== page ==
Click here to load reader

Moving from continuous- to discrete- bob/signals2016Winter/Signals_&_Systems_2016... · PDF fileMoving from continuous- to discrete-time ... Discrete Fourier transform (DFT) ... Discrete-time

  • View
    217

  • Download
    3

Embed Size (px)

Text of Moving from continuous- to discrete-...

  • Moving from continuous- to discrete-time

    Sampling ideas Uniform, periodic sampling rate, e.g. CDs at 44.1KHz

    First we will need to consider periodic signals in order to appreciate how to interpret discrete-time signals as representative of continuous-time

    Fourier series and transforms

    Discrete-time Fourier transform (DTFT)

    Discrete Fourier transform (DFT) & the fast Fourier transform (FFT)

    Aliasing and signal reconstruction

    Discrete-time signals then discrete-time systems Matlab tools and digital signal processing

    Nothing on digital (finite bit-length) signals

    MAE143A Signals & Systems Winter 2016 1

  • Sampled signals discrete time

    For computer use we need to sample signals Most commonly this is periodic sampling every T seconds we take a sample of the continuous signal This yields a sequence

    A continuous-time signal is a function of time t A discrete-time signal is a sequence indexed by t

    T is the sampling period (sec)

    1/T is the sample rate (Hz)

    Often we also quantize the samples to yield a digital signal of a fixed number of bits representation

    This is a subject for the next course

    MAE143A Signals & Systems Winter 2016 2

    xn = x(nT )

  • Analog-to-digital conversion

    Signal conditioning Filtering (anti-aliasing), offset, ranging

    Track and hold circuit Enabled by the rising edge trigger Holds the signal at the latched value

    Analog-to-digital converter Converts held signal to 8-bit, 16-bit, 24-bit digital

    Computer coordinates sampling, storage, 1/T sec MAE143A Signals & Systems Winter 2016 3

    Electronic Signal

    Conditioner Real-world signal

    Track & hold Circuit ADC C

  • Ideal sampling of signals

    Continuous-time signal x(t) Continuous values of x, t

    Discrete-time signal xn Continuous x, integer n A sequence

    Sampled-data signal xs(t) Continuous x, t Modeled by a pulse train

    MAE143A Signals & Systems Winter 2016 4

    t

    x(t)

    t

    xs(t)

    0 T 2T 3T 4T 5T 6T 7T -T -2T

    xn

    0 1 2 3 4 5 6 7 -1 -2 n

    xs(t) =1X

    n=1xn(t nT ) = x(t)

    1X

    n=1(t nT )

  • The Fourier transform (Roberts Chap 10)

    Generalization of the Fourier series to non-periodic function only one single, very long period

    X() is like the line spectrum with zero spacing between harmonic elements

    Still represents the signal as a sum of exponentials Requires absolute integrability of x(t)- finite energy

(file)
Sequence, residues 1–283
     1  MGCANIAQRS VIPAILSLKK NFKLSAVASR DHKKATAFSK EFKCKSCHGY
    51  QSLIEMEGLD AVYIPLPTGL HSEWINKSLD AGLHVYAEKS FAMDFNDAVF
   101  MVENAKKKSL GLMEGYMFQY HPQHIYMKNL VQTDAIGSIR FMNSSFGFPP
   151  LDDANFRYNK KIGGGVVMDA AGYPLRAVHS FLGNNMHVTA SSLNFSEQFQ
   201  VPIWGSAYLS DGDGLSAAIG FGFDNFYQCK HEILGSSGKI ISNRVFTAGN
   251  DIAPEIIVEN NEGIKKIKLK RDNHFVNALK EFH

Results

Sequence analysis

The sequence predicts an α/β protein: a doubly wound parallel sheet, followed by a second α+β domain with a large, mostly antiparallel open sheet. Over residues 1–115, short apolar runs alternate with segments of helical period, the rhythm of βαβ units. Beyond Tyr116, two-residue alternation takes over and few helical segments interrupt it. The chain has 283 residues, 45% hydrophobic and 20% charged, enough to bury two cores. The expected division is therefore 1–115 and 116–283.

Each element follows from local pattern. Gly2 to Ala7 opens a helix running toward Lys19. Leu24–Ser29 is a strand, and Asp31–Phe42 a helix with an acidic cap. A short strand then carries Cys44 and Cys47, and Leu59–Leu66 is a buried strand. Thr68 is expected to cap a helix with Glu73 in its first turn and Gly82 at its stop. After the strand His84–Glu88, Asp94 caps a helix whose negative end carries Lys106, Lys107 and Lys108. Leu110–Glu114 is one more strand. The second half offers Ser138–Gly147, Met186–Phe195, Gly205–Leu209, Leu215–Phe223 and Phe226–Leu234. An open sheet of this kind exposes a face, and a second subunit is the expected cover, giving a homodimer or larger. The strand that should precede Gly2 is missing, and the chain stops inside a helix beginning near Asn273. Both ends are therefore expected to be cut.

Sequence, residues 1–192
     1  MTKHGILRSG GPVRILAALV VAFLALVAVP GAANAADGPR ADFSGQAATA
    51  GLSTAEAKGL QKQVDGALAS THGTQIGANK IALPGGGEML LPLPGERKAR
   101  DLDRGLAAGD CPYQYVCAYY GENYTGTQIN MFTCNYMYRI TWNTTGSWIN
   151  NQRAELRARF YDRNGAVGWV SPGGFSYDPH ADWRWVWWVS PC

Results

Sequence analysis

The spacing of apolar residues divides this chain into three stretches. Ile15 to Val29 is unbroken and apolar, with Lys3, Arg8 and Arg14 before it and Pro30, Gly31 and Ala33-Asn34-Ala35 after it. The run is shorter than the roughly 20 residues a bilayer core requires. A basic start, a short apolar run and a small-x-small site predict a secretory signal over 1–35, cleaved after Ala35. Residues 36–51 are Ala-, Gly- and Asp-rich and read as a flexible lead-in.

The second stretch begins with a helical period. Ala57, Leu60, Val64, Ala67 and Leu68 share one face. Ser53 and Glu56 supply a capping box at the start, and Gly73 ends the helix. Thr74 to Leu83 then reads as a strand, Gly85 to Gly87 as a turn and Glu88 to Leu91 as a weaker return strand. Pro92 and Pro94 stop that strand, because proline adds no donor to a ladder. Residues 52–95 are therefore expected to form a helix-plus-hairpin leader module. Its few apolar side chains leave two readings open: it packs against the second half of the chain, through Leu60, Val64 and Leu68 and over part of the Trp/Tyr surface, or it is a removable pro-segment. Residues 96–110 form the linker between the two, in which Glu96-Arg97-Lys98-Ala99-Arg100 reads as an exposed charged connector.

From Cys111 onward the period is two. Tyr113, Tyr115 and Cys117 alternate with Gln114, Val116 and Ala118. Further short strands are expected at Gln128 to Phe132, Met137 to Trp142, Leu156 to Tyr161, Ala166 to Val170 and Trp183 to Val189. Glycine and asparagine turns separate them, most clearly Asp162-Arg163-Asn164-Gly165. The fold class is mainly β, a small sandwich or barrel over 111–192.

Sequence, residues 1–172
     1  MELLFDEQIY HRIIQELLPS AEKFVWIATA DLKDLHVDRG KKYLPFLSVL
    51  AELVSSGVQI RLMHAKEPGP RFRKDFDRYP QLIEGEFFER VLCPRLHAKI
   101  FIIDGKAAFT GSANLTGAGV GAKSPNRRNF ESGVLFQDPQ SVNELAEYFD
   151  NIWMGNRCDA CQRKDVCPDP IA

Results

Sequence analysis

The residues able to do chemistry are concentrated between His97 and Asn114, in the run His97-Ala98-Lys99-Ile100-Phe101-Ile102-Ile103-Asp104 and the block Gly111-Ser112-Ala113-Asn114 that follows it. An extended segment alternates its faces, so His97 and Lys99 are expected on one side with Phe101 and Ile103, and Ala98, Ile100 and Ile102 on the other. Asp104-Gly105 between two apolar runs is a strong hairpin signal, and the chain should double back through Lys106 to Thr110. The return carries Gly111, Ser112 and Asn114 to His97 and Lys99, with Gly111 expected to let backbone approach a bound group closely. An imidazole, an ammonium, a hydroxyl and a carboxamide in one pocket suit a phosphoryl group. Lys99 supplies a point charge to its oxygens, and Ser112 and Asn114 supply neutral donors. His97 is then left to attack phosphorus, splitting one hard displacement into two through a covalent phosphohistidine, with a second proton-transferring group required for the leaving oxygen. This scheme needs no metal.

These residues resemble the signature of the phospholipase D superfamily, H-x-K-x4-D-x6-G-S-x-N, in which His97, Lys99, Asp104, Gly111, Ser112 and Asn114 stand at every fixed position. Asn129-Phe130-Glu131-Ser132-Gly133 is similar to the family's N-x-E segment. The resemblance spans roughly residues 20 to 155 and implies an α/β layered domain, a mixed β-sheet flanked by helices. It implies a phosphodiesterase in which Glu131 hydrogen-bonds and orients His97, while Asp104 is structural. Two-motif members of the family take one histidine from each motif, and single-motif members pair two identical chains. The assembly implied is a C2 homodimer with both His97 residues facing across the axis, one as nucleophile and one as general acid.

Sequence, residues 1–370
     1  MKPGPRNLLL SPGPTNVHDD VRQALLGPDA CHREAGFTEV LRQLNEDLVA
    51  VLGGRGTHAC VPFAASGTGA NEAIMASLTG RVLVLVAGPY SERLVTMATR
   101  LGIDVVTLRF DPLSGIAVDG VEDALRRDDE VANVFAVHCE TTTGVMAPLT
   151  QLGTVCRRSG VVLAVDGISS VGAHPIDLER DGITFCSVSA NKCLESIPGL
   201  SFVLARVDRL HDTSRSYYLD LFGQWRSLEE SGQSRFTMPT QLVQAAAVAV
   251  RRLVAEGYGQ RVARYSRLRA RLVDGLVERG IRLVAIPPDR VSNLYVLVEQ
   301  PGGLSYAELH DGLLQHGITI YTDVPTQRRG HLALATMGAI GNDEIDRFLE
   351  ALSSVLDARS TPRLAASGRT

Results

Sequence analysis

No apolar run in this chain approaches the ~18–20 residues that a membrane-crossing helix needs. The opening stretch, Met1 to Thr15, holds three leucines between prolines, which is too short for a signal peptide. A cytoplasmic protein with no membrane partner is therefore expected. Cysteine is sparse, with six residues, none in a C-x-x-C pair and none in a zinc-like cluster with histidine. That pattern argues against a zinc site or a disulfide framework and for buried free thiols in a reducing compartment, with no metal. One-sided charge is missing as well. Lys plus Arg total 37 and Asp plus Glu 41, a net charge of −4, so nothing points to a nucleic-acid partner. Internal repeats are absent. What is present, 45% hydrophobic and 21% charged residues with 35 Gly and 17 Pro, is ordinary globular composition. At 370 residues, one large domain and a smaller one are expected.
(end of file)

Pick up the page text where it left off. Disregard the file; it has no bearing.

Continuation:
Inverse Fourier transform

    MAE143A Signals & Systems Winter 2016 5

    T ! 1

    X() =

    Z 1

    1x(t)ejt dt

    x(t) =1

    2

    Z 1

    1X(!)ej!t d!

  • The Fourier transform - example

    Two-sided decaying exponential

    MAE143A Signals & Systems Winter 2016 6

    X(!) =

    Z 1

    1e

    |t|5 ej!t dt

    =

    Z 0

    1e

    t5j!t dt+

    Z 1

    0e

    t5j!t dt

    =1

    j! 15+

    1

    j! + 15

    |X(!)| =25

    !2 + 125

    x(t) = e|t|5, t 2 (1,1)

  • The Fourier and Laplace transforms

    For a one-sided signal x(t)with Laplace transform

    Note that this is a signal property It mimics the Laplace transform and frequency response relationship for causal systems

    The interest in Fourier transforms is in the infinite-time response to periodic inputs

    Special Fourier transforms

    MAE143A Signals & Systems Winter 2016 7

    X(!) = X (s)|s=j!

    X (s)

    Y (!) = H(j!)U(!), H(!) = F(h(t))

    F [(t)] = 1, F [cos!0t] = [(! !0) + (! + !0)]F [1] = 2(!), F [sin!0t] = j[(! !0) + (! + !0)]

  • Bandlimited signals

    Signals, x(t), whose Fourier transform, X(), is zero for frequencies outside a value, the bandwidth, B, i.e.

    is referred to as bandlimited

    A periodic signal with line spectrum zero outside the bandwidth B is also referred to as bandlimited

    Bandlimited implies a level of smoothness

    Fourier series: finite power, periodic

    Fourier transform: finite energy, one-shot

    MAE143A Signals & Systems Winter 2016 8

    X(!) = 0 for {! > B} [ {! < B}

  • Fourier transform of a sampled signal

    The spectrum of a perfectly sampled signal xs(t) is a repeated and scaled version of X()

    Bandlimited signal bandwidth Bs/2

    Expect trouble in reconstruction of x(t) from xs(t)

    MAE143A Signals & Systems Winter 2016 9

    X()

    Xs()

    s 2s-s 0

    X()

    Xs()

    s 2s-s 0

  • Reconstructing sampled bandlimited signals

    Reconstruction of the original signal from samples